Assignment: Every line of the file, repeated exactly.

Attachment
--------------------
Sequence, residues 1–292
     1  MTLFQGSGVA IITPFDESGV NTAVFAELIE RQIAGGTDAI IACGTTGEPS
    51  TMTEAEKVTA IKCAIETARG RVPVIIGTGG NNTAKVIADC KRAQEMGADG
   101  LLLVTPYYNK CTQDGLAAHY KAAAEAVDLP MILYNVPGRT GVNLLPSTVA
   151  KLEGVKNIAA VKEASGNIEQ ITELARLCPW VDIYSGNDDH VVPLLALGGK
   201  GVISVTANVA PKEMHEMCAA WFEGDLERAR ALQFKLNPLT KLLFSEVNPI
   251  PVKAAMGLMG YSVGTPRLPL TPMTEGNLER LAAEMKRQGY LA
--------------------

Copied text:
Sequence, residues 1–292
     1  MTLFQGSGVA IITPFDESGV NTAVFAELIE RQIAGGTDAI IACGTTGEPS
    51  TMTEAEKVTA IKCAIETARG RVPVIIGTGG NNTAKVIADC KRAQEMGADG
   101  LLLVTPYYNK CTQDGLAAHY KAAAEAVDLP MILYNVPGRT GVNLLPSTVA
   151  KLEGVKNIAA VKEASGNIEQ ITELARLCPW VDIYSGNDDH VVPLLALGGK
   201  GVISVTANVA PKEMHEMCAA WFEGDLERAR ALQFKLNPLT KLLFSEVNPI
   251  PVKAAMGLMG YSVGTPRLPL TPMTEGNLER LAAEMKRQGY LA